I am in an underground car

I am in an underground car.

I know that the first sentence in every story presupposes a past. In this
case my identity, all the general information about myself and my
background, but also more specific information, such as to which line
this car belongs, if I‘m sitting or standing, where I’m going and where I’m
coming from, what time it is. I won’t talk about any of these
presuppositions. Not because they don’t matter, but because I don’t
have any clue about them. I am just the protagonist of a story and I have
every right to be in an underground car without knowing anything else
about it.

Continue reading

Cycling as Metaphor

My first bike in London was a trusty red and silver Apollo mountain bike, the one I’d had since I was a teenager. Over the course of a year or so, I ran it into the ground, giving up on maintenance and ended up dismantled it completely, living with bits of its metal carcass piled around my room for months after the autopsy was finished.

My second bike was stolen after I carelessly locked it up near my friend’s Bermondsey flat – a sad memory I tend not to dwell on. Continue reading

Issue 4 – Call for Submissions

For Issue #4 of the print publication, we welcome contributions that engage with the theme ‘traces’. The theme is open for creative interpretation, and contributions could explore – but are not limited to – the following ideas:

  • Traces as an indication of existence
  • Traces of the past and/or future
  • Traces that are visible or geographical
  • Invisible traces
  • Traces as inspiration
  • Traces as a narrative

You can submit short stories, prose fiction, poetry, images, visual art, or non-fiction writing, including reflections or short essays. Continue reading

A Tangential View of History

I can see that it has its problems, but I think that the metaphor of a tangent has something compellingly to do with the interpretation of history. The term “tangent” unavoidably means a straight line in space, at least when we think of it in its geometric sense. That fact by itself will probably not endear it to historians looking to reflect on their own practice. A linear history is likely an evolutionary history, a teleological one. It might imply that historical process straightforwardly means historical progress, which is unpalatable to many. Continue reading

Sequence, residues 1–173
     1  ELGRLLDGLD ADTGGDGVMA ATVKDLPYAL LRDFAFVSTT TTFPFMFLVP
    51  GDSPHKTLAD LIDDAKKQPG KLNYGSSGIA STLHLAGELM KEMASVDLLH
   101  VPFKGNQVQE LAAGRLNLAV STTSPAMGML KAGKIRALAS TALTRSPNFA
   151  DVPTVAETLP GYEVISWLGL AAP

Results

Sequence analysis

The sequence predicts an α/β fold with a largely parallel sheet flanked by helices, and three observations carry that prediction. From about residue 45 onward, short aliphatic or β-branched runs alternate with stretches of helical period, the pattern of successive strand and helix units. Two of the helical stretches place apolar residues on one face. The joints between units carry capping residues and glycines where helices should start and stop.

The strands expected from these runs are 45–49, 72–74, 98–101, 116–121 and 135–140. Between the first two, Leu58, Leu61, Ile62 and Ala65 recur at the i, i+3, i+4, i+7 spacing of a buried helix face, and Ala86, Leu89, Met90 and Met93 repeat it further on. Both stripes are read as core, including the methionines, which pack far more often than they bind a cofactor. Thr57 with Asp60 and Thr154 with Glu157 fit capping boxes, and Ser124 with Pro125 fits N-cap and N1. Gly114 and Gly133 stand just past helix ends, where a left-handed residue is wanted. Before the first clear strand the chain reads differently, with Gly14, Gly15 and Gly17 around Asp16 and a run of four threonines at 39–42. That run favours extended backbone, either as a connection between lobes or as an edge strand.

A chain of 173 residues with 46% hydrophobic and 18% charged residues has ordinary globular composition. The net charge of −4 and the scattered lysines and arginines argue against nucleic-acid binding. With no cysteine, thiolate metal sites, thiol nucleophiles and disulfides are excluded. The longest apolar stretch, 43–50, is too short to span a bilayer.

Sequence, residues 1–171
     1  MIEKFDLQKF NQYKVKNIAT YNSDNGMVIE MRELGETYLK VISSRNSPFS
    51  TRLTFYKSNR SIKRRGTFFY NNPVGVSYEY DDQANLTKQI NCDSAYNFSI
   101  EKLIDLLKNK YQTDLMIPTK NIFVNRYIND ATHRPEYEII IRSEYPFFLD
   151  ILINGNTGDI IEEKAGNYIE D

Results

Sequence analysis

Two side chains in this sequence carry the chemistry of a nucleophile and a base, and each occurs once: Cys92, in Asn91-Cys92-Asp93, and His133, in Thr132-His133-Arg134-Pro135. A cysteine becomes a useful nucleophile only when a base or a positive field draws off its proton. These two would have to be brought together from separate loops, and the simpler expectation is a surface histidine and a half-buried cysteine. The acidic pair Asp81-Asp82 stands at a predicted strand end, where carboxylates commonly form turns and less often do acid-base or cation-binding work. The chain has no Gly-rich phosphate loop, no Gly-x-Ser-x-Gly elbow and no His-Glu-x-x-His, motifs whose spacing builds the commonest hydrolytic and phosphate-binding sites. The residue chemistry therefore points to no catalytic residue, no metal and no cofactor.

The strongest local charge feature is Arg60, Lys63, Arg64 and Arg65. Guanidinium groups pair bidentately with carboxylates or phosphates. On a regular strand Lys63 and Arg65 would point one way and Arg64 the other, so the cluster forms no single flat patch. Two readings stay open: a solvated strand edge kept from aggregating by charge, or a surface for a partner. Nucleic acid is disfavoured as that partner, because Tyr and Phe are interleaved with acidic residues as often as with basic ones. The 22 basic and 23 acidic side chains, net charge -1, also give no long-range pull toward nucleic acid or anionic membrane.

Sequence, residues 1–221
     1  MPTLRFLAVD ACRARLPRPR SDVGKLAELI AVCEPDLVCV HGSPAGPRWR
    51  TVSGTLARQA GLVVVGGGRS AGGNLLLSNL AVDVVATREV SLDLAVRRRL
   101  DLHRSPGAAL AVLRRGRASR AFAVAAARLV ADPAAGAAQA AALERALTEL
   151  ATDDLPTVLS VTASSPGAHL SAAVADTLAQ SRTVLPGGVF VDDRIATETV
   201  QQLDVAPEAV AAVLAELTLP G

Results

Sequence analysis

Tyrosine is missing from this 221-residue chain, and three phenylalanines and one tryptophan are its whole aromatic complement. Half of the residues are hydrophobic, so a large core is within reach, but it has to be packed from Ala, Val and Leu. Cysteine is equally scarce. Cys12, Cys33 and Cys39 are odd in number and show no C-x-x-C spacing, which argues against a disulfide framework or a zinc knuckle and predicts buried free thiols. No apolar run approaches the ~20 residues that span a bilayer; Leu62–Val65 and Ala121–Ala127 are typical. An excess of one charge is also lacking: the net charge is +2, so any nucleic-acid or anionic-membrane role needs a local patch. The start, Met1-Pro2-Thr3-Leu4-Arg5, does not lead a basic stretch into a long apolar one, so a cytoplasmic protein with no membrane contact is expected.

Translation as Excavation

As a translator, my daily work revolves around excavating truth and meaning from crowded clumps of unruly words. And there’s lots of ways to go about such an activity – no trowels or shaker screens needed! When I first began my doctoral research, after having spent some time working in industry, I was a bit overwhelmed at how quickly my discipline had moved on, leaving me behind, buried under years of new findings, theories, and developments. At the same time, venturing into the wild world of theatre translation, I was about to hit a very steep learning curve. Despite all that I had learnt during my training and work experience prior to coming to Queen Mary, I quickly came to see that meaning does not exist exclusively within a word. There are other sites that need to be excavated, and urgently. Our all too mortal bodies, the mundane spaces that we traverse, cast-off trinkets, and even deadly silences have the potential to shed much needed light on meaning and truth. We simply need to roll up our sleeves, select the right tools, and start digging. Continue reading

Excavation: a lifestyle approach

Excavation, from the Latin excavare, refers to the act of digging, unveiling an object placed under several layers. We should probably pay more attention to this term. We should take it literally when we research new data for our projects. Or, simply, when we meet new peers and instinctively engage in small talk. This would prove extremely beneficial in both cases. Continue reading